Despite her one-workout season as a junior, Lieberg gave it another shot as a senior and competed in the high jump and long jump for the Bruins. She didn’t do too bad, either, finishing sixth in the long jump at the 1997 state meet.

But basketball remained her first love and it paid off. She started at point guard as a sophomore, junior and senior before earning a scholarship to play basketball at Northwest Community College in Powell, Wyo. She played two years there and then transferred on scholarship to Montana State-Northern in Havre. But Lieberg decided to cut her basketball career short after she learned she was pregnant and gave birth to her first child. After one year at MSUN, she transferred to Carroll College and finished her undergraduate degree in the Capital City.

“After my first daughter was born, I started jogging and remember thinking, ‘Oh my gosh, I went 5 miles.’ I thought that was a long ways,” said Lieberg, whose oldest daughter, Taelyr, is now 15. Lieberg and her husband, Jarad, also have an 8-year-old son named Jaxan and a 5-year-old daughter named Lauryn.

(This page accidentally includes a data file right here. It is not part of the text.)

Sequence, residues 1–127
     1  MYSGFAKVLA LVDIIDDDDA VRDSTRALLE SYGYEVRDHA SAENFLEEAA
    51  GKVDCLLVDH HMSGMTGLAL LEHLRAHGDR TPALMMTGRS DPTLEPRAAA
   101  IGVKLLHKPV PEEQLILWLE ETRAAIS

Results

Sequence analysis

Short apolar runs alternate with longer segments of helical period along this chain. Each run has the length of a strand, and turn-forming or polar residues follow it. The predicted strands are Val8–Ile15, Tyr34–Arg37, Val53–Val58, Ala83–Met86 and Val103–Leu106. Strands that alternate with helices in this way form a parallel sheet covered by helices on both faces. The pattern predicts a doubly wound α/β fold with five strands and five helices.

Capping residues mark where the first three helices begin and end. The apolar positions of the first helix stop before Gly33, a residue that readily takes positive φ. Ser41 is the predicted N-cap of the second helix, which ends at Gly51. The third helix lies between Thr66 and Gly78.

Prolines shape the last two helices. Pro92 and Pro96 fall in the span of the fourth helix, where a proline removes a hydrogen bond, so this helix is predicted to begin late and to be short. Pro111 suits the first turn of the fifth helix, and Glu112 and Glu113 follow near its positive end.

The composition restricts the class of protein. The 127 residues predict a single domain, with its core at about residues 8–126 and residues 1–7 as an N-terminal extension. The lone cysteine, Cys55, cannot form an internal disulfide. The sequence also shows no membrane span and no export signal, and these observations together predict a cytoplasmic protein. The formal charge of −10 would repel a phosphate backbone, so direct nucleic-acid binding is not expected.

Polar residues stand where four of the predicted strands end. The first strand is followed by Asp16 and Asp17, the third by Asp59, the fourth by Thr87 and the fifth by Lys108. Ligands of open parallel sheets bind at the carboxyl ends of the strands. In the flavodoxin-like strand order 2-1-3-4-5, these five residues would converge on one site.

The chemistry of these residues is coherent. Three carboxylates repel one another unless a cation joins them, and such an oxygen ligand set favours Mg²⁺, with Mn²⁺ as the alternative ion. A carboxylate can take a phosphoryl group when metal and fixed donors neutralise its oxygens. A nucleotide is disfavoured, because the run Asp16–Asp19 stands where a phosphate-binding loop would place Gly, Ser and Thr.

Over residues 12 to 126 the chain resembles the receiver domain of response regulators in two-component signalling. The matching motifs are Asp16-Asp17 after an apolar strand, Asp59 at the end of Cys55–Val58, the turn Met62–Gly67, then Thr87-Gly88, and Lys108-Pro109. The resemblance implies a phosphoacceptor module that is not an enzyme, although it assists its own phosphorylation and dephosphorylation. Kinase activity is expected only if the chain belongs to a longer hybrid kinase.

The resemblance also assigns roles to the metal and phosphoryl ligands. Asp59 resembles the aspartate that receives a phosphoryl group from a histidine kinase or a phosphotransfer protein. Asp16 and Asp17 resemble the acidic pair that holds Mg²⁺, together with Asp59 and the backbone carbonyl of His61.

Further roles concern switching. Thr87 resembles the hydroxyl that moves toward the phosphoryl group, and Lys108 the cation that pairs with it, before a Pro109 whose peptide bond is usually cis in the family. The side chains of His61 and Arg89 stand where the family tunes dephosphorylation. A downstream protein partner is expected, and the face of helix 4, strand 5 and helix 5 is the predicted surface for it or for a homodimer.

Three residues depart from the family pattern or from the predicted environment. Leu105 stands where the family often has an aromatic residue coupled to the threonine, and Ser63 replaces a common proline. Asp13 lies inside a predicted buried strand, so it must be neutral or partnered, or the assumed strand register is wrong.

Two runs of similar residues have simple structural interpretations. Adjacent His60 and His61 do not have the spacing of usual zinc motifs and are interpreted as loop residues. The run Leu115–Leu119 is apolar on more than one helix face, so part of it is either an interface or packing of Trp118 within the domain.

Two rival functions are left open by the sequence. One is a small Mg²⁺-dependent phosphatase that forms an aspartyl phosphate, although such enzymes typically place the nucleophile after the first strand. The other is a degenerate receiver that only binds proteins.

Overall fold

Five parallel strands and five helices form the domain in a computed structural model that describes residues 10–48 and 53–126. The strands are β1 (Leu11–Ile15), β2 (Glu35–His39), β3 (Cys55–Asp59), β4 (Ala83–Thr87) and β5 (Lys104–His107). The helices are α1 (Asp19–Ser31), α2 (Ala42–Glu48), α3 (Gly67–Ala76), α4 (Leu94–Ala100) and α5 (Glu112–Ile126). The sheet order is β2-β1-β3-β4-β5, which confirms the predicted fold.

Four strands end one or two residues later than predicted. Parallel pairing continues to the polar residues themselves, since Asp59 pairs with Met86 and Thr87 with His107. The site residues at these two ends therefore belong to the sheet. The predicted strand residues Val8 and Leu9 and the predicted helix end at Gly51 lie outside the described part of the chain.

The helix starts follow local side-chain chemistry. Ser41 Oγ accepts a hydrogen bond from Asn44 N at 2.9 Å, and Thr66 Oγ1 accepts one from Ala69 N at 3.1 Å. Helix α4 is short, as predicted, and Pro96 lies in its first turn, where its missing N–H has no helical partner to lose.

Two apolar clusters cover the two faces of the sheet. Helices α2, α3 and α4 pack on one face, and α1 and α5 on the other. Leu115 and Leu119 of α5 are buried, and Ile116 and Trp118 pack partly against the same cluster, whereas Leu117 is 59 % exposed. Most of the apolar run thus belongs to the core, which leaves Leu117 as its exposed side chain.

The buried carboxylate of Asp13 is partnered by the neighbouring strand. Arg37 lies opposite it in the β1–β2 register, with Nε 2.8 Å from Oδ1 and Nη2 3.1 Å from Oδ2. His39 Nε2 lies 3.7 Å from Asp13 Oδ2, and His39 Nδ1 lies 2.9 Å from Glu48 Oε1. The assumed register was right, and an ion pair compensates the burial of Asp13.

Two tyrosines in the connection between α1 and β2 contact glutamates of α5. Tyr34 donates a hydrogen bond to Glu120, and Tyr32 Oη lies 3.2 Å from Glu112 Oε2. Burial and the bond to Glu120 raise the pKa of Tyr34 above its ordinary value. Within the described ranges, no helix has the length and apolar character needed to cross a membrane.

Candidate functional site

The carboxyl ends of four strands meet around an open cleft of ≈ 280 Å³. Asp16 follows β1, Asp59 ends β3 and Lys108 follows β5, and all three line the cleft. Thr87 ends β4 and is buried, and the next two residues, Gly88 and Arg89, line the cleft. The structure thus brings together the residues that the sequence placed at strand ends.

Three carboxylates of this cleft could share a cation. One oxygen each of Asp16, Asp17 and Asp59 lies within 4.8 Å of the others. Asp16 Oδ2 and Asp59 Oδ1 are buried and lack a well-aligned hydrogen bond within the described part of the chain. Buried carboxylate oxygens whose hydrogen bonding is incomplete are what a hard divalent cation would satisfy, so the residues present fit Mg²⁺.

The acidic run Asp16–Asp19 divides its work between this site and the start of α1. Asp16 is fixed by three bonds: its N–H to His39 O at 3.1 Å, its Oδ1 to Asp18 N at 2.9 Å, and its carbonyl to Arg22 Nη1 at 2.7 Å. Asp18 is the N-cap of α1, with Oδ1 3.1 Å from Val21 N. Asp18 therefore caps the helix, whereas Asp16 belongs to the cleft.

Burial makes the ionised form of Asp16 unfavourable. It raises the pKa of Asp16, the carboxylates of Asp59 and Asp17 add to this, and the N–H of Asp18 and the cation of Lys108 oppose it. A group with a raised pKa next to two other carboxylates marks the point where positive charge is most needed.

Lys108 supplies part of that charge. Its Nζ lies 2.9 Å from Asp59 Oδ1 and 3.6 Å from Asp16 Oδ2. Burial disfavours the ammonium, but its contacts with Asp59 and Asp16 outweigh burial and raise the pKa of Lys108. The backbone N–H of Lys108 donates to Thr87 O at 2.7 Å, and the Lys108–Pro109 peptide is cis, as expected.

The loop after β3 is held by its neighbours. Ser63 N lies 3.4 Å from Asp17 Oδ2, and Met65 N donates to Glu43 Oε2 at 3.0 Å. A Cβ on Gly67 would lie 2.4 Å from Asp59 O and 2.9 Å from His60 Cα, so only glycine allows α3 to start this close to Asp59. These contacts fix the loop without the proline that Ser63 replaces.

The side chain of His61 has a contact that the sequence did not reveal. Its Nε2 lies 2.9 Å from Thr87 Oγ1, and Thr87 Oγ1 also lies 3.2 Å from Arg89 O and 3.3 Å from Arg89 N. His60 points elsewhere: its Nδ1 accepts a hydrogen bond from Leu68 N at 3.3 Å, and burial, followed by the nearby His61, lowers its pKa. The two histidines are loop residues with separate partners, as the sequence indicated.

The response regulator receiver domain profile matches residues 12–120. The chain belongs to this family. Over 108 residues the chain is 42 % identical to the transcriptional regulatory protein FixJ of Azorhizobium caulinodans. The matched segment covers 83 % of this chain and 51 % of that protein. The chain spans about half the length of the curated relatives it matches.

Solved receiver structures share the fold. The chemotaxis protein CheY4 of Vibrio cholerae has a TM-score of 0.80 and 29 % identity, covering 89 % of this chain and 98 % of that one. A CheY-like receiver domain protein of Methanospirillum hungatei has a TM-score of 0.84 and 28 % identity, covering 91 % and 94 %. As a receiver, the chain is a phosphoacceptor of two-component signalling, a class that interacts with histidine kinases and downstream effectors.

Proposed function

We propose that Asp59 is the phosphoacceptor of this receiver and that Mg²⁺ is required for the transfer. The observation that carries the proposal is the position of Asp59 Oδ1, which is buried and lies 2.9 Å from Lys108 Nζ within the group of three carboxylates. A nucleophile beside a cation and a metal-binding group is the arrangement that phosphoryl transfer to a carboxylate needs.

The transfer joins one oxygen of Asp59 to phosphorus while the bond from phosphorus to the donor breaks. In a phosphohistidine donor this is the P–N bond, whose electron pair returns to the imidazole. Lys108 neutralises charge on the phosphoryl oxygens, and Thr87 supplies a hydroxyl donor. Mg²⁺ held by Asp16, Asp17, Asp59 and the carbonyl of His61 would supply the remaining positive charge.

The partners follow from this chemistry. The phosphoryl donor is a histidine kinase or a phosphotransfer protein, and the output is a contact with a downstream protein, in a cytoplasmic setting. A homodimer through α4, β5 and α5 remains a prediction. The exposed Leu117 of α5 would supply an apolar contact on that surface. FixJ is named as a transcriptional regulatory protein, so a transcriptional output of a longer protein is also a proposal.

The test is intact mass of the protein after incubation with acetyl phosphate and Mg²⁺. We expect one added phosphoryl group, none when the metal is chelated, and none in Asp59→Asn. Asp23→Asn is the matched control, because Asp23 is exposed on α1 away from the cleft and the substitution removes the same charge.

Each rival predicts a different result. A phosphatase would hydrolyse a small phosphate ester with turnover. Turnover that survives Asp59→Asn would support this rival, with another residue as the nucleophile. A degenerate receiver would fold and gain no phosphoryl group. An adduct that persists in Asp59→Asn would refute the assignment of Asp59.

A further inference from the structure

Still just a novice who then “made fun of running shorts” and hadn’t competed in a distance race of any kind, Lieberg eventually joined some friends for the Wolf Creek Marathon Relay in 2002 and 2003. She then took part in the Governor’s Cup marathon relay in 2004 in 2005, and helped her team to second- and third-place finishes, respectively, in the women’s division.

A year later, she was watching the finish of the 2006 Governor’s Cup marathon with her dad and made a decision that changed her life.

“I had just had my son and I was watching the runners come across the finish line and I thought, ‘I can do that,’” Lieberg said. “I said, ‘Dad, I’m going to run the marathon next year. Seriously, I’m going to try it.’ I think he just said, ‘OK.’”

“I thought she’d probably go for it, but I didn’t know what sort of success she would experience,” Davis said. “I thought she’d go run the marathon and realize it isn’t like running around the block – there’s a lot more to it. It surprised me when she said she wanted to do it.”